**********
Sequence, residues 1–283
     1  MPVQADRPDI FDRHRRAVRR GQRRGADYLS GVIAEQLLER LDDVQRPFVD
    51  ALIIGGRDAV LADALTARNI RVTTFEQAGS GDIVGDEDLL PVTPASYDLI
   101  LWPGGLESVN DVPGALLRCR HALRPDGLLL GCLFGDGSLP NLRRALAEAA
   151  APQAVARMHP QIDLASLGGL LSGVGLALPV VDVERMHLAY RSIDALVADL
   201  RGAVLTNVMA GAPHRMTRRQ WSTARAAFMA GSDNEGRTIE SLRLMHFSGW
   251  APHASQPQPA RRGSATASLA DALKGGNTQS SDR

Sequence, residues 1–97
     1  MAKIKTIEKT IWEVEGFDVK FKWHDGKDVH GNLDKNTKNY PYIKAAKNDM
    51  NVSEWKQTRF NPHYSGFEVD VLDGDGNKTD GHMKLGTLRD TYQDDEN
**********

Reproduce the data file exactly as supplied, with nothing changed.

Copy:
Sequence, residues 1–283
     1  MPVQADRPDI FDRHRRAVRR GQRRGADYLS GVIAEQLLER LDDVQRPFVD
    51  ALIIGGRDAV LADALTARNI RVTTFEQAGS GDIVGDEDLL PVTPASYDLI
   101  LWPGGLESVN DVPGALLRCR HALRPDGLLL GCLFGDGSLP NLRRALAEAA
   151  APQAVARMHP QIDLASLGGL LSGVGLALPV VDVERMHLAY RSIDALVADL
   201  RGAVLTNVMA GAPHRMTRRQ WSTARAAFMA GSDNEGRTIE SLRLMHFSGW
   251  APHASQPQPA RRGSATASLA DALKGGNTQS SDR

Sequence, residues 1–97
     1  MAKIKTIEKT IWEVEGFDVK FKWHDGKDVH GNLDKNTKNY PYIKAAKNDM
    51  NVSEWKQTRF NPHYSGFEVD VLDGDGNKTD GHMKLGTLRD TYQDDEN